The situational-specificity of performance ratings: An application of trait activation theory

Oliver, Thomas Charles
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University of Guelph

This thesis is an investigation of whether assessors' ratings of dimensions are affected by situation, using trait activation theory as a conceptual framework. An experimental 2 x 2 study was designed with a candidate in a vignette who participants assessed on behaviour and performance ratings on two dimensions. Vignette conditions differed by the level of performance the manager demonstrated for the two different dimensions, and by the dimension-relevance. As hypothesized, it was found that differences in dimension-relevance affected dimension ratings of performance but not dimension ratings of behaviour. These results suggest that task-based assessment centres (ACs) may provide more valid assessments of performance than dimension-based ACs. However, given the current popularity and support of the latter, best practices for dimension-based ACs are recommended that should appropriately account for the effect from differences in situation across exercises on assessors' performance ratings of ACs.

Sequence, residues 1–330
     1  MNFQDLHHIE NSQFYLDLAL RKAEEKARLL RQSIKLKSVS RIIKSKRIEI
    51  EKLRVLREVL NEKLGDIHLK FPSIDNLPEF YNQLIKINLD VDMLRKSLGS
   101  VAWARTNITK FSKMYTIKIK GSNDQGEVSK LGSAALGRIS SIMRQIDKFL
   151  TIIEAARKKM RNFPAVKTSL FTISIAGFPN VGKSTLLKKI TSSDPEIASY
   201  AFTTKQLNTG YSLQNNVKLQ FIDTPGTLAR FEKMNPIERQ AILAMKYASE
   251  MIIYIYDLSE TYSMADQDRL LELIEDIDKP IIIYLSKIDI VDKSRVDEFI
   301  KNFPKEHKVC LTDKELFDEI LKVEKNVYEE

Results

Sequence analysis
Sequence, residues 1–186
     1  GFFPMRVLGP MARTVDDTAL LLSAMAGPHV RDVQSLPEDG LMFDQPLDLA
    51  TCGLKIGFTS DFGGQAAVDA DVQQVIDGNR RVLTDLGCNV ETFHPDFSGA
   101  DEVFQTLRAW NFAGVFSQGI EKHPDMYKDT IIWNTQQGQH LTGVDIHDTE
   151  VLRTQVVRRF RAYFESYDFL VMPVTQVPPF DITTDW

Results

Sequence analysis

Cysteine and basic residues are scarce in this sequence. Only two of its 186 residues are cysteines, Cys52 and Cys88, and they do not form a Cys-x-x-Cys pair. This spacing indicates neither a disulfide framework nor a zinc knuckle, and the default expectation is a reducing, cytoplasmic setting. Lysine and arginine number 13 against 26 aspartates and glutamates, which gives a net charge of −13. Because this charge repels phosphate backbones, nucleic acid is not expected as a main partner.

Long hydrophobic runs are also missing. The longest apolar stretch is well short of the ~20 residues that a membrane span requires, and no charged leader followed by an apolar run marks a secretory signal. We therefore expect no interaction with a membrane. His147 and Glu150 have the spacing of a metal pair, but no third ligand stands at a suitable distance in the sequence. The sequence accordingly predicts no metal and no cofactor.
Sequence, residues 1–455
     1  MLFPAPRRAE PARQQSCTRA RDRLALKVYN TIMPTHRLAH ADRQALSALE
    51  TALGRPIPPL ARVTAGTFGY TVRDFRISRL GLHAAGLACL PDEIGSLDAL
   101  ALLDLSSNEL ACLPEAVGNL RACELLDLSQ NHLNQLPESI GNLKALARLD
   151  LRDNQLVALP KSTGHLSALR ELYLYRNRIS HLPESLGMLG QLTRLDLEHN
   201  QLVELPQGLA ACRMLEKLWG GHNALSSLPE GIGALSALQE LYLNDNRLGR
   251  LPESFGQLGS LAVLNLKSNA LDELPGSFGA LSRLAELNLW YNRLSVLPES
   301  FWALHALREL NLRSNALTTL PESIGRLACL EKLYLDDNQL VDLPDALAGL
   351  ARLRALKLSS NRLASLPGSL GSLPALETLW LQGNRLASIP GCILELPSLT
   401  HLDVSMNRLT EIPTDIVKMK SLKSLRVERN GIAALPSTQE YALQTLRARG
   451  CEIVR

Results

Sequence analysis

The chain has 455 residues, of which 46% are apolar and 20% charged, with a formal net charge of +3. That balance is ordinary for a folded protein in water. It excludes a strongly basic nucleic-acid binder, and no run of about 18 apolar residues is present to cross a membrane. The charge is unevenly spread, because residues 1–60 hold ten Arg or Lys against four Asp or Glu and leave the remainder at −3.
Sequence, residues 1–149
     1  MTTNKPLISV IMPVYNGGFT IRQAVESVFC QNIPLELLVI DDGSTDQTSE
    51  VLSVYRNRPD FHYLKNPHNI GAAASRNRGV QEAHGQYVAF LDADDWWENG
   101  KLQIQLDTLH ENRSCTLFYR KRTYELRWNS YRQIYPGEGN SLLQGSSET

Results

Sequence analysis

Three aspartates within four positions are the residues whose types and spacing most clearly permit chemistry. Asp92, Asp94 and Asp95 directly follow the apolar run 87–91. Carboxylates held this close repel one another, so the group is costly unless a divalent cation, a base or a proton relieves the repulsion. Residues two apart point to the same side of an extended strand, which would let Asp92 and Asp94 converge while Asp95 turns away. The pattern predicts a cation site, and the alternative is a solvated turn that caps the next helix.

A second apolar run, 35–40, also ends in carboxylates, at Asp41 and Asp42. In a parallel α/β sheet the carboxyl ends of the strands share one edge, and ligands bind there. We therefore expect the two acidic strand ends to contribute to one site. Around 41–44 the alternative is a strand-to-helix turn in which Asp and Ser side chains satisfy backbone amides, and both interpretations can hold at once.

performance ratings, situational-specificity, trait activation theory, task-based assessment centres, dimension-bases assessment centres